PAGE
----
SHORT REPORT
Sociodemographic correlates of intention to quit smoking for good among U.S. adult menthol and non-menthol smokers: Evidence from the 2013–2014 National Adult Tobacco Survey
 
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Institute for Health Promotion and Disease Prevention Research, Department of Preventive Medicine, Keck School of Medicine, University of Southern California, Los Angeles, CA, United States
Publish date: 2018-05-24
Submission date: 2018-03-12
Final revision date: 2018-04-23
Acceptance date: 2018-05-11
 
Tob. Prev. Cessation 2018;4(May):22
KEYWORDS:
TOPICS:
ABSTRACT:
Introduction:
In the U.S. significant progress has been made to reduce cigarette use, yet menthol cigarette use is a continuing public health problem, especially among young adults and Black/African Americans. Smoking cessation is warranted to reduce smoking-related diseases and premature death. Ample evidence has demonstrated that having an intention to quit smoking is strongly associated with attaining cessation. The objective of this study was to identify and compare the sociodemographic correlates of intention to quit smoking for good between menthol and non-menthol adult smokers in the U.S.

Methods:
A cross-sectional secondary data analysis was conducted on the 2013– 2014 National Adult Tobacco Survey. Multivariable logistic regression was used to analyze individual factors and their relation to intention to quit smoking for good. The total sample was nationally representative of the U.S. population and included 10 121 adult smokers aged ≥18 years.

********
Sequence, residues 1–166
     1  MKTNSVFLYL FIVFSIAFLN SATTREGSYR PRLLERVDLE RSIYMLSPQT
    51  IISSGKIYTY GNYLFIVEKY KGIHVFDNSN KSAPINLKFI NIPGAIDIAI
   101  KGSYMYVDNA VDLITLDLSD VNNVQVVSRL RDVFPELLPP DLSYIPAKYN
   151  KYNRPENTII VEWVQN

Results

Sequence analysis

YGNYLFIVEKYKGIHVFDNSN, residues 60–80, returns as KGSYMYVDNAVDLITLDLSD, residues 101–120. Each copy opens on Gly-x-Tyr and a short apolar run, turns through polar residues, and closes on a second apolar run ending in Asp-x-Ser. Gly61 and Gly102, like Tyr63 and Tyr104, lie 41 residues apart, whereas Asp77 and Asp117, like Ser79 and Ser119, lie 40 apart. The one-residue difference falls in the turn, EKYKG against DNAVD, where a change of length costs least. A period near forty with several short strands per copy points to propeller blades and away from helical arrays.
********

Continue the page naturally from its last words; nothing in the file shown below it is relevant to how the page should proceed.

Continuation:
Results:
Among menthol smokers, non-Hispanic Blacks (adjusted odds ratio, AOR=1.31, 95% confidence interval, CI: 1.03–1.67) were significantly (p=0.03) more likely to have an intention to quit smoking for good compared to non- Hispanic Whites. Young adults aged 18–25 years (AOR=0.70, 95% CI: 0.58–0.85) were significantly (p=0.01) less likely to have an intention to quit compared to adults aged 50 years and older, and sexual minorities (i.e. lesbian, gay, bisexual) (AOR=0.69, 95% CI: 0.49–0.93) were significantly (p=0.03) less likely to have the intention to quit compared to heterosexuals. Among non-menthol smokers, adults aged 26–34 years (AOR=1.46, 95% CI: 1.13–1.88) and 35–49 years (AOR=1.71, 95% CI: 1.34–2.20) were significantly (p=0.01; p< 0.001, respectively) more likely to have an intention to quit smoking for good compared to those aged 50 years and older.

Conclusions:
Study findings provide insight into the association of menthol cigarette consumption with intention to quit smoking for good, notably among Black Americans, young adults and sexual minorities. Smoking cessation efforts should consider demographics and menthol smoking status.

CORRESPONDING AUTHOR:
Sabrina L. Smiley   
Institute for Health Promotion and Disease Prevention Research, Department of Preventive Medicine, Keck School of Medicine, University of Southern California, 2001 North Soto Street Los Angeles, CA, United States
 
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